Suprisingly, (or not) having read the recent Marvel Infinity saga isn't necessary. Starlin, I have noticed, tends to ignore the use of Thanos when handled by other creators. Actually this is for the best here. Infinity as well as the so-called Thanos Rising origin story gave us some pretty idiotic lapses in continuity and logic. No mention is made here of any of that.

Without giving away too much -- although there aren't really any "spoilers" per se -- I will give the good and the bad of this book.

The Good: Starlin is firing on all cylinders with the artwork. While totally out of sync with today's grittier artists like Lenil Yu or Simone Bianchi, he does not make any attempt to "modernize". In fact, he allows himself to indulge in some outright psychedelic type art that would have fit in perfectly in the 70s.

Thanos is written almost perfectly as, not so much bad guy, (at least not in the beginning) but kind of where he was in the Infinity War series, as more of an independent adventurer and seeker of knowledge.

Adam Warlock is back for the ride. At this point these two are kind of like a cosmic Laurel and Hardy, or Oscar and Felix.

The Not So Good: What the heck is going on?
Read more ›
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5 of 5 people found the following review helpful By woodrow locksley on August 14, 2014
Format: Hardcover
I have always liked Jim Starlin's cosmic stories especially those centered around Thanos one of the great comic book anti heroes who is sometimes an outright villain and sometimes is on the side of good as a strategy of self preservation as in most of the post Infinity Gauntlet stories The Infinity Revelation has Thanos as a mixture of villain and heroic anti hero as he notices a disturbance in the universe and wants to explore it. He is joined by Adam Warlock his sometimes ally sometimes arch nemesis on this journey mainly because Warlock doesnt trust Thanos Along the way Thanos shows his power in some lopsided fight scenes and eventually discovers the secret of the disturbance which is in my opinion rather pointless and a major let down Only Starlin's skill in characterizing Thanos and Warlock get the story to three stars would be a half star higher if I had the option So why the 4 star rating? Because this is some of Starlin's best art ever with slick inks by Andy Smith and color effects by Frank D'Armata that are amazing even though full process color has been around for thirty years or so. Even the lettering by Joe Caramanga is a highlight in its versatility. All of these things are 5 star Too bad Starlin wrote a story that showed promise but is probably his weakest Thanos story even worse than Infinity Crusade and Infinity Abyss However it looks great and even bad Starlin Thanos is worth a read when attached to such visual magnificence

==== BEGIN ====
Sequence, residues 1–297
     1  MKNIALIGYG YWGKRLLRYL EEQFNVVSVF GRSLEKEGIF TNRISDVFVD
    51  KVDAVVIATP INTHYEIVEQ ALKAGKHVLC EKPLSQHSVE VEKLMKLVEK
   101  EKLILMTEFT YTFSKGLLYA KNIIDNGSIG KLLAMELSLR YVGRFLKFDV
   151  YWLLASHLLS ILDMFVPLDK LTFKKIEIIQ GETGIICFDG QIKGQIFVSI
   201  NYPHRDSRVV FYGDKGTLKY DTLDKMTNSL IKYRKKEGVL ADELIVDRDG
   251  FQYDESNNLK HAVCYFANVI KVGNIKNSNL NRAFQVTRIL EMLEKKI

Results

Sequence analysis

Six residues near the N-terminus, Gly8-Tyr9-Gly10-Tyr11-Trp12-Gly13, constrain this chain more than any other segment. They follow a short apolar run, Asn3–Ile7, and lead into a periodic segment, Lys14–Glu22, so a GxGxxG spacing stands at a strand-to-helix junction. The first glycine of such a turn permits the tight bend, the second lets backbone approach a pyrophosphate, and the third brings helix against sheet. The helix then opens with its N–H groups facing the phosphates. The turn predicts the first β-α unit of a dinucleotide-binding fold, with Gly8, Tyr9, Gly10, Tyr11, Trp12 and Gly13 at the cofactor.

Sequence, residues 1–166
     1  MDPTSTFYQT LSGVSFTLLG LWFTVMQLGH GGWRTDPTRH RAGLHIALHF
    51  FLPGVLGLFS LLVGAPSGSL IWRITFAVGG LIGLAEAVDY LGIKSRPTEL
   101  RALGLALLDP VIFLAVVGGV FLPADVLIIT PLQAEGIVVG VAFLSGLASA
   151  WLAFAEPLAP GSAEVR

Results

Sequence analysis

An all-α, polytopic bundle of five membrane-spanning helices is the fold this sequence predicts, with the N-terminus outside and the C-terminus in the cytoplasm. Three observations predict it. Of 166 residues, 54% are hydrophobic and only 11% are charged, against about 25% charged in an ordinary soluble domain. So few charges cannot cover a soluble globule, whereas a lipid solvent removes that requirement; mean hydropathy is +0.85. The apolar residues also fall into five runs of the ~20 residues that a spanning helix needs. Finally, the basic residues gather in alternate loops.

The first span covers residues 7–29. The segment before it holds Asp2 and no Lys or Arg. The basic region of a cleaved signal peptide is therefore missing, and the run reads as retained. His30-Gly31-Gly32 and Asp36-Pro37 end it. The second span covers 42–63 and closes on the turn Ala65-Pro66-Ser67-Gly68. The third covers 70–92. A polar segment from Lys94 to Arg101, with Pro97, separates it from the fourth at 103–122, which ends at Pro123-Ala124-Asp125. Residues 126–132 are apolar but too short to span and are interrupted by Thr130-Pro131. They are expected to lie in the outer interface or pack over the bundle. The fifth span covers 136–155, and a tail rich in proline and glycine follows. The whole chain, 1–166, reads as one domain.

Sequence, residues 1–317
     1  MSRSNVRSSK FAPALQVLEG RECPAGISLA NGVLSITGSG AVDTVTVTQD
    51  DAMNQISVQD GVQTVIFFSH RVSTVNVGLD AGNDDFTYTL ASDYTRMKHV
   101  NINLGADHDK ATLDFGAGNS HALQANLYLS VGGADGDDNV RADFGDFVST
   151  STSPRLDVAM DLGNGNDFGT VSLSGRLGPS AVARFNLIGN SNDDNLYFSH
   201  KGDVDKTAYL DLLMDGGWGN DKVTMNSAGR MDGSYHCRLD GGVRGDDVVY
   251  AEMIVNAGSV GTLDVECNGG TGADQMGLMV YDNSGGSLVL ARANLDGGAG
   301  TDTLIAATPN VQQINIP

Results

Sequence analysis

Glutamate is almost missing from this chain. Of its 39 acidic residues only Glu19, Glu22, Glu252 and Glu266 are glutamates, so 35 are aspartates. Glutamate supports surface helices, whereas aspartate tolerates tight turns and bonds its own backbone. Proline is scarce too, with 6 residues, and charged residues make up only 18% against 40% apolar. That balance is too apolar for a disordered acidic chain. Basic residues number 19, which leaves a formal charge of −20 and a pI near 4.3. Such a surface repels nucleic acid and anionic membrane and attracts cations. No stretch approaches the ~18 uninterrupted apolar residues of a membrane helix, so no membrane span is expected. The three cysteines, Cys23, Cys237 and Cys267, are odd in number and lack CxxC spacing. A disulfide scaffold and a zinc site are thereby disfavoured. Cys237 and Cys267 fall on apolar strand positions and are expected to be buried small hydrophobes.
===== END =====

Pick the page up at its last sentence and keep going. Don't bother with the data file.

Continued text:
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3 of 3 people found the following review helpful By Jason R. Anderson on August 11, 2014
Format: Hardcover Verified Purchase
I've followed the older stories of Warlock and Thanos via back issues years ago, and truely enjoyed the characters back then. I've also found that I enjoyed them more so over the years when Starlin is writing them instead of another writer. This being said, I was underwhelmed by this story. The universe/reality is to undergo a transmutation for reasons unknown, and Thanos and Warlock are the only characters in the entire universe that play an active role in it. And I think that may be one of the issues I have with this story: it's a story of awesome scope, promising change to everything...and only two characters in the entire Marvel universe play a *direct* role in it. While I've enjoyed Thanos and Warlock in the past, I find myself growing tired of the fate of the universe revolving around them, often and repeatedly (ex. the various "Infinity" titles. "The End"). Hence why I can only give "Thanos: The Infinity Revelation" 3 stars: I've been on this same ride before, with the same characters.